A little over a year ago I started thinking about watches. I know I wasn’t the only one. Fine timepieces were popping up all over – magazines, newspapers, blog posts and photo shoots – they were inescapable. My interest also grew because I was consciously moving away from being tied to my cell phone. I wanted to know the time, but not necessarily who was emailing, calling or texting while I was out for dinner with friends or fishing for steelhead before work. I bought an L.L. Bean Field Watch and a couple NATO straps and I was good to go. My time-keeping issue was more or less solved, but my curiosity with watches wasn’t going away.
The whole point of this blog, from the beginning way back in 2007, was to find out more about the things that have stood the test of time, to delve into the things that we love and find out why and how they are made. Not long ago, I traveled to Switzerland with Cartier to learn about the history of its famous Tank watches, and to see the newest member of the Tank tribe, the Tank MC, come to life. To be able to have access to the people, process and history that goes into something as unique and important as a Cartier watch, let alone, a Tank, is an important moment for both ACL as an aesthetic minded medium, and also for me personally. Because, there are few things in this world that as closely link men and style together more than the Cartier Tank watch. If I were never allowed to see another factory after this, deep down I would always know I went out on top.
The Cartier factory sits in a small town called La Chaux-de-Fonds, situated squarely in the valley between the Jura mountains. This long basin between Geneva and Basel in Switzerland is colloquially known as “Watch Valley,” for both its historical ties to many prominent watchmakers and the area’s continued role at the center of fine watchmaking. Stand basically anywhere in the area and you can see at least one famous watch brand. I can’t think of another place anywhere in the world where you can find as many significant luxury brands together in one area.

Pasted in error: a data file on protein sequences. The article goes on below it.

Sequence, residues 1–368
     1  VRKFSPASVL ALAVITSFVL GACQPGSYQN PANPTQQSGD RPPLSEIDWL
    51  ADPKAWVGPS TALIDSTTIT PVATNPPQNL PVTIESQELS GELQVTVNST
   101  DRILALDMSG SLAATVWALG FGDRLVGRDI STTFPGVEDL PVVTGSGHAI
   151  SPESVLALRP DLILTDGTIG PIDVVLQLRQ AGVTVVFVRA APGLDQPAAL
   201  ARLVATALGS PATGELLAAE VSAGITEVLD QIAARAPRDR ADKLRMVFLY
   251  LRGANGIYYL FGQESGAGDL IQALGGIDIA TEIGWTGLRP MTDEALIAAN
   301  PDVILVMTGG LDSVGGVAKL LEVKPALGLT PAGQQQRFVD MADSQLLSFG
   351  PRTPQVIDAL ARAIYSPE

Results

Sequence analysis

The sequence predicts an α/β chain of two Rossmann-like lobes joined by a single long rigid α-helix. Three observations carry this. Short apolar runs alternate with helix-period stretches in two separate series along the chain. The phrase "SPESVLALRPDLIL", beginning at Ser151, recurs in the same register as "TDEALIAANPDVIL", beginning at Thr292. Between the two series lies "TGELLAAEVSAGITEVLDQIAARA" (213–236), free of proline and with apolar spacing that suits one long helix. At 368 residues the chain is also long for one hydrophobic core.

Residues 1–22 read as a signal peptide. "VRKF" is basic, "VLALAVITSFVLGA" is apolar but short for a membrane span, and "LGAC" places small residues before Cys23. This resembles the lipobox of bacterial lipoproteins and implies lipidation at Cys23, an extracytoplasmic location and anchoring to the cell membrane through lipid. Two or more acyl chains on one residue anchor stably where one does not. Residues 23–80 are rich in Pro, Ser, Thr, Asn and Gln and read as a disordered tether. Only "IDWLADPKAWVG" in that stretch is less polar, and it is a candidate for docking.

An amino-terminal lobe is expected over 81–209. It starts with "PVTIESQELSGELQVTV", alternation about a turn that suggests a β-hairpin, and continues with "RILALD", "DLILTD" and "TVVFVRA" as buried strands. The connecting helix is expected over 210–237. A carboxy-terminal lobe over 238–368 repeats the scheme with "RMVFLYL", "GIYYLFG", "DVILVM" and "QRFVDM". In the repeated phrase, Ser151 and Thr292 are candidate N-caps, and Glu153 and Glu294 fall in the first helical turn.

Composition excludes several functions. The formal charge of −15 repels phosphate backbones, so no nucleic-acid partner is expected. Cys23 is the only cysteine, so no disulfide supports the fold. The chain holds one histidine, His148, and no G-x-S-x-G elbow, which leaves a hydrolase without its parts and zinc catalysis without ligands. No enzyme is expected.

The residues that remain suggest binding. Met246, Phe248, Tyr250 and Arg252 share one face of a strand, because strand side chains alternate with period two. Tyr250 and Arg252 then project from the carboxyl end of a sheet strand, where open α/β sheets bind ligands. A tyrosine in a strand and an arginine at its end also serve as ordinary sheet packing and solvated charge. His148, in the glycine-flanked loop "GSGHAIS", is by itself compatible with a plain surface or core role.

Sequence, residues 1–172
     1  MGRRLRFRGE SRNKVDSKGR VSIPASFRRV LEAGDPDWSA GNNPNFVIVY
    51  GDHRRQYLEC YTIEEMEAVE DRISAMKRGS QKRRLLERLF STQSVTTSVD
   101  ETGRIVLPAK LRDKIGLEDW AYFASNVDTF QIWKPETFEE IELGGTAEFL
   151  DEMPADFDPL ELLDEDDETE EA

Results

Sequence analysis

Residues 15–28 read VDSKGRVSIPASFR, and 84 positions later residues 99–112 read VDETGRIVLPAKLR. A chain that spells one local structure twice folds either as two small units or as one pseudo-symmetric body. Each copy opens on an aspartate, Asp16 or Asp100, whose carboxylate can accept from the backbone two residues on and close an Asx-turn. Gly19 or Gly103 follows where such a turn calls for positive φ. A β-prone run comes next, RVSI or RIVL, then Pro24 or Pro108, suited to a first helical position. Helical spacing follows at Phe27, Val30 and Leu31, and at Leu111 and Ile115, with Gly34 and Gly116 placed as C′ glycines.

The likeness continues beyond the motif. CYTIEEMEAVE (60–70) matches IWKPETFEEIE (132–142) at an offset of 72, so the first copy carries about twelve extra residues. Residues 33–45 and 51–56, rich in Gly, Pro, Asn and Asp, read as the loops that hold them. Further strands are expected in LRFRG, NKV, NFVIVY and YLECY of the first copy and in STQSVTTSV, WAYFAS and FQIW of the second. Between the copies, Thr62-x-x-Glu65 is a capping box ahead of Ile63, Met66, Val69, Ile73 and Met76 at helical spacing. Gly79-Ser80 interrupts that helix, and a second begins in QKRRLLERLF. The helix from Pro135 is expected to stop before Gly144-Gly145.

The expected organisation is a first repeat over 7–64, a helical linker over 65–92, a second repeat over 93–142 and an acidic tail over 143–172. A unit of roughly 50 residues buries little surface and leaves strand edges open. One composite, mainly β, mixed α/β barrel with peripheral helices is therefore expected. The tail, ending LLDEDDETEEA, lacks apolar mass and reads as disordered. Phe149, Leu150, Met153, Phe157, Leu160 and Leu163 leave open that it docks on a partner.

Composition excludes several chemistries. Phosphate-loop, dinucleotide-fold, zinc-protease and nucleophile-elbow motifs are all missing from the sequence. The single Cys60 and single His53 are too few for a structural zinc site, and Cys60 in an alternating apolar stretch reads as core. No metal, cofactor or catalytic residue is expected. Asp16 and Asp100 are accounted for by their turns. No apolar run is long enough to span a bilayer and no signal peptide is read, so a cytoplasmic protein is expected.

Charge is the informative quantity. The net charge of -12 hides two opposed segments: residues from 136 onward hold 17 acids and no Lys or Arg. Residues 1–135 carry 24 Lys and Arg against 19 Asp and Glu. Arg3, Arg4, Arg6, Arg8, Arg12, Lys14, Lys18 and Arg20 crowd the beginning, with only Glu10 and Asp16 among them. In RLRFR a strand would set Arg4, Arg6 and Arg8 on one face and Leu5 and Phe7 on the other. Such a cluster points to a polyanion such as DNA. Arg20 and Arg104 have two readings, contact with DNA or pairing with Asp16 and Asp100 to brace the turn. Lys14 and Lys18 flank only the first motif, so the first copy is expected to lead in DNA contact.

The demise of Detroit has been widely documented, almost to the point of nausea. I grew up hearing a similar song in Cleveland. If you live there or are from there, it makes you want to fight even harder. I can understand how Detroit feels; that underdog spirit is what makes me fly the Cuyahoga flag high every chance I get.
What’s crazy is what is really going on in the Motor City. There’s a beginning of change and some pretty astonishing things are happening. The road is long, but the desire to rebuild is there. It’s going to be interesting to see what happens to this great American city.
A few years ago Steven Alan (the man) introduced me to a few guys who had an ambitious plan to start making watches, bicycles, leather goods under the long mothballed shoe-polish brand Shinola. As much of the product as possible would be made in America, that’s what they told me. Made in Detroit to be specific. To say I was intrigued was an understatement. They asked me to come out to Detroit a few years ago (early on in this process) to see everything, but as I often do with brands I wanted to wait a bit and wait and see what was going to happen. It’s easy to talk the talk, it’s hard to actually make these kinds of things happen.